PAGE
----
THE PERMISSION FORM
Ivan Hoffman, B.A., J.D.
Whether you are a publisher,
author, web site designer, site owner or otherwise, you may find yourself in the
position of having to request permission to use protected materials belonging to
“Protected materials” means materials protected by the copyright,
trademark, unfair competition or other laws or judicial decisions of the
The Issues to be Faced
Among the rights you want to seek are rights in all media, all languages, all editions, throughout the world, in perpetuity including the right to change, edit and adapt the protected materials. If you intend to use these protected materials on a web site or in social media, then you want to seek rights to use those materials in this and all other media as well.
Additionally, you must acquire the right to assign and transfer your rights to another party. If you intend to make deals of any sort, you must have this right.
should of course be representations and warranties from the party making the
license that in fact they have the right to make that license and hold you
harmless in the event it turns out not to be so.
If you are a publisher, whether
of books, a web site or otherwise, or you are any party that is not the author,
and the author seeks to include “protected materials,” your agreement with that
author or designer or other party must clearly state that it is the author or
designer or other party’s responsibility to obtain all required permissions at
their own expense.
An important note: you must be certain that you, as the publisher,
supply the permission form to be used so that you, as the publisher, are
Keep in mind that a publisher who publishes an infringement is liable as an
infringer as much as is the writer or designer who wrote or created the
If you do not have such a permission form to provide your authors or
designers, then you should seek legal assistance from an attorney with
experience in these matters.
Clearly, all these provisions must be embodied in an appropriately drafted, written agreement and that agreement must be signed by the owner of the rights.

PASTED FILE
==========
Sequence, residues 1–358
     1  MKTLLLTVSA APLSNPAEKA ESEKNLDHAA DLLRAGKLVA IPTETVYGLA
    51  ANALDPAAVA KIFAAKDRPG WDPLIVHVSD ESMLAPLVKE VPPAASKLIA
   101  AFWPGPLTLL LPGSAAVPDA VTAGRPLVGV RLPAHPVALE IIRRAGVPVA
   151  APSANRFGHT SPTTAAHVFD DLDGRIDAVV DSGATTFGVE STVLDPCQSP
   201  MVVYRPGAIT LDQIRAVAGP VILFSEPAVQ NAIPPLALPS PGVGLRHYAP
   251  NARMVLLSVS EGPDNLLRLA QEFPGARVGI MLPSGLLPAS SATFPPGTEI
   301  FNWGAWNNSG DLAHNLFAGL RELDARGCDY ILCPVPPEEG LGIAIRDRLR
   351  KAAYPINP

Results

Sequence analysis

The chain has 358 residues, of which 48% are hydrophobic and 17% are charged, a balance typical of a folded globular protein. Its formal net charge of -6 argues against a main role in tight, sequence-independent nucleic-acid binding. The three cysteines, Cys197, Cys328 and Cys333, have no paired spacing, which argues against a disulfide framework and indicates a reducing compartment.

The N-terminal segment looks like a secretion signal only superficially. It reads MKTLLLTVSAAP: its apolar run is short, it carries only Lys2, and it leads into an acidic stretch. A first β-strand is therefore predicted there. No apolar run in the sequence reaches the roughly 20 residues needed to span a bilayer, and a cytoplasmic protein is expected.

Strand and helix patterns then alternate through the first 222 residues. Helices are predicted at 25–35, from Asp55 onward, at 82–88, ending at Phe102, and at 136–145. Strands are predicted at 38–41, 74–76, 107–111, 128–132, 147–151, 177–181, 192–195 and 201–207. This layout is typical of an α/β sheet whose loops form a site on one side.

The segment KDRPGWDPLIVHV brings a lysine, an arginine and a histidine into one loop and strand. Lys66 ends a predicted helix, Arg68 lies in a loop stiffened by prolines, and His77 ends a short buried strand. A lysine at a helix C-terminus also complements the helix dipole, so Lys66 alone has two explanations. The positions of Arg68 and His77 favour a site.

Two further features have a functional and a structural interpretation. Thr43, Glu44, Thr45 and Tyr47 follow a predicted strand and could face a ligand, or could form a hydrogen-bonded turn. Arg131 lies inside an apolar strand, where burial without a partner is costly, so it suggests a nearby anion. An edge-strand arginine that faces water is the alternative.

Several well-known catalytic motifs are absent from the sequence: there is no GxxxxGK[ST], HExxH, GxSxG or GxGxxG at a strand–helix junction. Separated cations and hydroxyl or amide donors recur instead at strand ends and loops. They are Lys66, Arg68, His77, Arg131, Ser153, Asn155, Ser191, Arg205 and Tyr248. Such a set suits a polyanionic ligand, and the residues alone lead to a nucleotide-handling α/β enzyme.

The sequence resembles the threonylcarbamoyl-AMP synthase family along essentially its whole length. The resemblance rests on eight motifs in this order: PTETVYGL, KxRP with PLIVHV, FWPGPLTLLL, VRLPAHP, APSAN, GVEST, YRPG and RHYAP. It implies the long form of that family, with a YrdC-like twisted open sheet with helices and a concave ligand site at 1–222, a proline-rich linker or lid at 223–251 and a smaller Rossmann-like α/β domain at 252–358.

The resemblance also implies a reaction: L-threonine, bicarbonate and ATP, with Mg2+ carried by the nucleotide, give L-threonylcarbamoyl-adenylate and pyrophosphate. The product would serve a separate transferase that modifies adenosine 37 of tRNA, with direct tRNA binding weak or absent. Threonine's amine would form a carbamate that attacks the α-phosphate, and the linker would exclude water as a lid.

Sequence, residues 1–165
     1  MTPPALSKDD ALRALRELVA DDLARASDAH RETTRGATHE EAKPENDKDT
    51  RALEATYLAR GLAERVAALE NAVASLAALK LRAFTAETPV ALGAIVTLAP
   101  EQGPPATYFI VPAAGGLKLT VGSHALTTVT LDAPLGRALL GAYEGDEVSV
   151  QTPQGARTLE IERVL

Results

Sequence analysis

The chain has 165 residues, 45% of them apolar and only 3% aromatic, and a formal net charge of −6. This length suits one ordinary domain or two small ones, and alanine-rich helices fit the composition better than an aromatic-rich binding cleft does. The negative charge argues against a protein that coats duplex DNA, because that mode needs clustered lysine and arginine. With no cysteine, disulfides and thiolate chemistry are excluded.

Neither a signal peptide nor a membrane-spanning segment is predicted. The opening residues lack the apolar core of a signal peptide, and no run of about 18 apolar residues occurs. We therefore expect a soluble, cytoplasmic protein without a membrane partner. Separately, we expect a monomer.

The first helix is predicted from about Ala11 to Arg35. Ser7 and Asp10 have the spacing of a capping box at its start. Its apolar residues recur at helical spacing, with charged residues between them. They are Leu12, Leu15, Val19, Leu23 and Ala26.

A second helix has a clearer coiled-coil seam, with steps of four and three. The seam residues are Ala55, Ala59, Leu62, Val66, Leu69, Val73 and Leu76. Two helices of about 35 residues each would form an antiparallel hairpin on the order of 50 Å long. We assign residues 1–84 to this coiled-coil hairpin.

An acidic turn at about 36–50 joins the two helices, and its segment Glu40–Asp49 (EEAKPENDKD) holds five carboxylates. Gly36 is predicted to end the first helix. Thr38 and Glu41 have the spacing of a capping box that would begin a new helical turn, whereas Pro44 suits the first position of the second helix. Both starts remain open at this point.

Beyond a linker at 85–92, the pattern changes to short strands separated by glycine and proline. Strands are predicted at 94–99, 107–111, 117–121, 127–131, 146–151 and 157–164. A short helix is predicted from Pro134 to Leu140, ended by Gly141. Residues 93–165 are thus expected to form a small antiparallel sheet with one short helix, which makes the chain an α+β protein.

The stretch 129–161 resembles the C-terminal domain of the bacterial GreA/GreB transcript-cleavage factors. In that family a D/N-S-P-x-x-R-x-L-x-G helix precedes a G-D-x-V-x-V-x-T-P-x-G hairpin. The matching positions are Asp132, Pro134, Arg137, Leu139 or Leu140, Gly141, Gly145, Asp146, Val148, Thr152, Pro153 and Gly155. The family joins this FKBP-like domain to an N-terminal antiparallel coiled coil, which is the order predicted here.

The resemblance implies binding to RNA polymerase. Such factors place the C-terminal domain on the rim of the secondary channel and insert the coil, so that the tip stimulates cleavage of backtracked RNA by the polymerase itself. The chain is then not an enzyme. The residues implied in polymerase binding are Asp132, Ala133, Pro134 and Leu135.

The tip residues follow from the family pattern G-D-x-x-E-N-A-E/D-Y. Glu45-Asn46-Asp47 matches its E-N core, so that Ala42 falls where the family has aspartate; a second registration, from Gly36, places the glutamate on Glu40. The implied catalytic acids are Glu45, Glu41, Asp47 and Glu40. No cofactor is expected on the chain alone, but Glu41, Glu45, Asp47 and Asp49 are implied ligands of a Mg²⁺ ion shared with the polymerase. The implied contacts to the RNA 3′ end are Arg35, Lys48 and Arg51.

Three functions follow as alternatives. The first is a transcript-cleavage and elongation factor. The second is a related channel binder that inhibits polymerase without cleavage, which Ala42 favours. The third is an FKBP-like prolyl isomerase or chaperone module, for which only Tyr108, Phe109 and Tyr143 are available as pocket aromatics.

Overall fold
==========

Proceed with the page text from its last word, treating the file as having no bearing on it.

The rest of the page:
The Restrictive License
Often the publisher or other requesting party is presented with a form submitted by the owner of the protected materials. That owner will want to license far less rights than the publisher or other party may desire or need in order to fully exploit the work. The publisher or other party, upon being presented with such a form, should have it reviewed by an attorney with experience in these matters since many of the restrictions contained within it may be subtle and the publisher or other party may not appreciate the full impact they may have upon the ability to make exploit and make money from the work.
Clearly one issue to be faced
is that of money.
Most often, unless a protected material is absolutely essential to the
work, if an owner asks for money for the use it is often best to simply not use
that protected material and find a substitution.
However, there are often other restrictions placed on the license of protected materials, which other restrictions may be far more onerous. These restrictions are often time limitations, territorial limitations, language limitations, limitations on the edition for which the permission is licensed, media limitations and other such restrictions. All of these limitations should be avoided and if the license to use the protected materials comes with these “strings” attached, the publisher or other party should strongly consider avoiding using that protected material and find a substitute. These restrictions can be quite troublesome and materially interfere with the ability to exploit the work fully. (Read “Look Before You Sign: Restrictive Licenses.”)
As in all things, timing is everything. These permissions must be sought very early on in the writing or creation of the work so that if difficulties arise, the author, designer or other party can work around the need for some particular protected material. By the time the work is ready to go, all of these permissions must have long been obtained. Once a book or other work is published, the ability to obtain the rights necessary diminishes rapidly and the bargaining position of the party changes radically. If you are an infringer, you have much less power to make a deal that is in your best interest.
Copyright © 1999, 2018 Ivan Hoffman. All Rights Reserved.
This article is not legal advice and is not intended as legal advice. This article is intended to provide only general, non-specific legal information. This article is not intended to cover all the issues related to the topic discussed. You should not rely on this article in any manner whatsoever and you should not draw any conclusions of any sort from this article. The specific facts that apply to your matter may make the outcome different than would be anticipated by you. This article is based on United States laws but the laws of other countries may be different. You should consult with an attorney familiar with the issues and the laws of your country. This article does not create any attorney client relationship and is not a solicitation.
No portion of this article may be copied, retransmitted, reposted, duplicated or otherwise used without the express written approval of the author.